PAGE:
This week Arizona 360 took a closer look at how the state’s ongoing opioid epidemic has been impacted by the current COVID-19 pandemic. Data from the Pima County Health Department that shows a rise in fentanyl overdoses this year coincides with an increase in opioid seizures at ports of entry along Arizona’s border with Mexico. Seizures for heroin and fentanyl are up more than 20% and 40%, respectively, according to Customs and Border Protection. Lorraine Rivera discussed trends at the ports with CBP Director of Field Operations Guadalupe Ramirez.
“Because of the travel restrictions that we have, we see a lot more body carriers coming in with fentanyl strapped to their body,” Ramirez said. “Now what you’re seeing is an increase in American citizens. And I think that’s because the travel restriction is really focused on if you’re not a U.S. citizen or a legal permanent resident, you have to be traveling for essential purposes.”
International travel restrictions related to COVID-19 have had unintended consequences in communities like the city of Nogales that rely on cross-border travel to keep their economies afloat. Tony Paniagua met a furniture store owner who decided to close his family’s 40-year-old business as a result of the pandemic. He also spoke to Mayor Arturo Garino about challenges facing the city and how he views its path to recovery.
After cartels manage to get their drugs past the ports and Border Patrol checkpoints, Arizona’s highways and interstates lead to distribution hubs in Tucson and Phoenix. But the Pima County Sheriff Department’s Border Interdiction Unit provides another layer of defense. Through July of this year, the unit has already confiscated more than 95,000 fentanyl pills, nearly double the amount it seized for all of 2019. Arizona 360 heard from Criminal Investigations Division Capt. Jeffrey Palmer, who said the pandemic has done little to slow the flow of drugs into the county.
Fentanyl continues to kill residents in Pima County at a higher rate than last year, according to data from the Pima County Health Department. Through July, 87 people died from fentanyl overdoses. The county recorded 89 fatal fentanyl overdoses for all of 2019. It projects that number will top 150 by the end of 2020. Deadly overdoses from all drugs have been on an upward trajectory in Pima County since March, the same month when the pandemic entered the forefront. The timing likely isn’t a coincidence, as Arizona 360 heard from Todd Vanderah. Vanderah heads the University of Arizona Department of Pharmacology and serves as director for the UA’s new Comprehensive Pain and Addiction Center, which formed in response to the opioid epidemic.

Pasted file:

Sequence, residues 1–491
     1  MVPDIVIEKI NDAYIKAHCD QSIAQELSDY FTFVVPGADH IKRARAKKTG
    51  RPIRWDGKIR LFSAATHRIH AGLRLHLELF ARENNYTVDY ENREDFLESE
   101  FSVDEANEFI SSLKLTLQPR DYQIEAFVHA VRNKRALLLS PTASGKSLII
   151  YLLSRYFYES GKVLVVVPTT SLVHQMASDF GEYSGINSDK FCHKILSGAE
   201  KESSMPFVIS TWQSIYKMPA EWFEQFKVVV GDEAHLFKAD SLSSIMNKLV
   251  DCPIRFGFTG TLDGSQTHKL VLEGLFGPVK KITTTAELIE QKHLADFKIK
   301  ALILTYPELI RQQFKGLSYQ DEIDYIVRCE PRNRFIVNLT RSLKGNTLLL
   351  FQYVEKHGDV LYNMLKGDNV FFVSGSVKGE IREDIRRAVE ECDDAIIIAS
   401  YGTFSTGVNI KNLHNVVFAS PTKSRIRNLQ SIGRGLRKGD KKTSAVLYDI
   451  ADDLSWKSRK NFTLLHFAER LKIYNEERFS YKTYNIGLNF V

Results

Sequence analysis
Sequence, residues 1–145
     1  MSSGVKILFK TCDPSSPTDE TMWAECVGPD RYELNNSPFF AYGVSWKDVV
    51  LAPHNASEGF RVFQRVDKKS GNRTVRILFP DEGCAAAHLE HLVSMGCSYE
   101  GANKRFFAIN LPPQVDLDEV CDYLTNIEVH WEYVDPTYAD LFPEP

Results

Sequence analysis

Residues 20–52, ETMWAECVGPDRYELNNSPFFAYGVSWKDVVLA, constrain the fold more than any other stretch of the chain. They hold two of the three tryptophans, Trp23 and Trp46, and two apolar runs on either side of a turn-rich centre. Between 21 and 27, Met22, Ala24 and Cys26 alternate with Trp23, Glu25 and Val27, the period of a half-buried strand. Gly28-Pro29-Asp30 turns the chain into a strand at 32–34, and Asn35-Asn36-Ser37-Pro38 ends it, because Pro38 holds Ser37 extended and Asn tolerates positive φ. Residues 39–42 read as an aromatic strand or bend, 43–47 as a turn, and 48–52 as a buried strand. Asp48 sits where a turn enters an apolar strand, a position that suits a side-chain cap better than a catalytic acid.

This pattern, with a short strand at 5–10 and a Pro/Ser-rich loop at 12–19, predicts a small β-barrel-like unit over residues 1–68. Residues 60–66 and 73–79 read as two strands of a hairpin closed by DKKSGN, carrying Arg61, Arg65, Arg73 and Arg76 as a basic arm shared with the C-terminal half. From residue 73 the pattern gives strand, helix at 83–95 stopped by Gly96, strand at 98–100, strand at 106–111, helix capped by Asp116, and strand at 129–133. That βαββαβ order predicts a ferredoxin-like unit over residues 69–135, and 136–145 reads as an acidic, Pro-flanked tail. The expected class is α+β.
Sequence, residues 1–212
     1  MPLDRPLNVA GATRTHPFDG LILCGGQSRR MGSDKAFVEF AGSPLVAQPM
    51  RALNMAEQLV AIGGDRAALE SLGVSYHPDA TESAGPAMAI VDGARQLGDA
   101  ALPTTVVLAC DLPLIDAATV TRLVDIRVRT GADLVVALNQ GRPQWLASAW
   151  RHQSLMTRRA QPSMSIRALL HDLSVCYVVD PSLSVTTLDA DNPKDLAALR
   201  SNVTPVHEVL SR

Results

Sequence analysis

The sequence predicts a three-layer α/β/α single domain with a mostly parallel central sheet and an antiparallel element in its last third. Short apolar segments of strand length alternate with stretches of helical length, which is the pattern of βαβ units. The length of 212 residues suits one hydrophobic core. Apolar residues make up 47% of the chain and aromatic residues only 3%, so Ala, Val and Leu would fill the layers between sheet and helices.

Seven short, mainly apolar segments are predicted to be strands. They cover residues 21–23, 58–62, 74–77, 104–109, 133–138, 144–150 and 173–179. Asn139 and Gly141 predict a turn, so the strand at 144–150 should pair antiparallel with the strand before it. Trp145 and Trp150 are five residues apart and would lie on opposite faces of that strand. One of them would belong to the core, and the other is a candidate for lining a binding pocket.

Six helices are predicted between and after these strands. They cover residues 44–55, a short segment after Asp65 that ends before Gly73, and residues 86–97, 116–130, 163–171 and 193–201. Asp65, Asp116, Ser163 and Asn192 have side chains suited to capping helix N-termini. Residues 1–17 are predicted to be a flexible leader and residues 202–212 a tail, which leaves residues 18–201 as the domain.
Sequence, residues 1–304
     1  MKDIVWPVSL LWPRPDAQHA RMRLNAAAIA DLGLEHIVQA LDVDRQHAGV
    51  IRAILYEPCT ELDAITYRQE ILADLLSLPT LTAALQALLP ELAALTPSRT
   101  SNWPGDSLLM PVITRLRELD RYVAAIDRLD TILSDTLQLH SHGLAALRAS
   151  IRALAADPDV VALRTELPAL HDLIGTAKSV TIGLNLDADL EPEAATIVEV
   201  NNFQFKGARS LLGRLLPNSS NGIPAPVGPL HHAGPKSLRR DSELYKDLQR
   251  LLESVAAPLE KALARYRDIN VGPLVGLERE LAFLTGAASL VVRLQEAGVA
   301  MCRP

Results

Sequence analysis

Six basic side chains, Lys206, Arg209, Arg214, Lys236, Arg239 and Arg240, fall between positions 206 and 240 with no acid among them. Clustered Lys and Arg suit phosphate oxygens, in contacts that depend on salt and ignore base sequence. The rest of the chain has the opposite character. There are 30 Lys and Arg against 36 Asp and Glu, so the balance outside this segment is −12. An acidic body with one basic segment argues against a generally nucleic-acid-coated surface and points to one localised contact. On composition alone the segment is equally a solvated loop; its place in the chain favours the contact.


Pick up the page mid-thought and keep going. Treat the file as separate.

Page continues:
“The last few months now we’ve actually seen more drug overdoses in the state of Arizona than we did at our peak in 2017,” Vanderah said. “And I think the increase is obviously due to the fact that this pandemic has resulted in social distancing, which I think is almost the opposite of what people who are using and misusing substances need. They actually need a support team. They need to reach out.”
The presumed victor of the race for Pima County attorney whose platform focused on criminal justice reform told Arizona 360 she sees her outsider status as a benefit when she takes office next year. Defense attorney Laura Conover runs unopposed this November and easily won her Democratic primary against two other candidates who currently work for the office. Arizona 360 learned more about how Conover plans to approach the role of Pima County’s top prosecutor, especially how she will handle drug-related cases.
“We have long known that we cannot rush to prosecute our way out of drug addiction and mental illness,” Conover said. “And when we choose treatment instead of jail at one-third of the cost, we’ve reframed that $40 million budget and we have the resources in play to go after those who are actually harming our community.”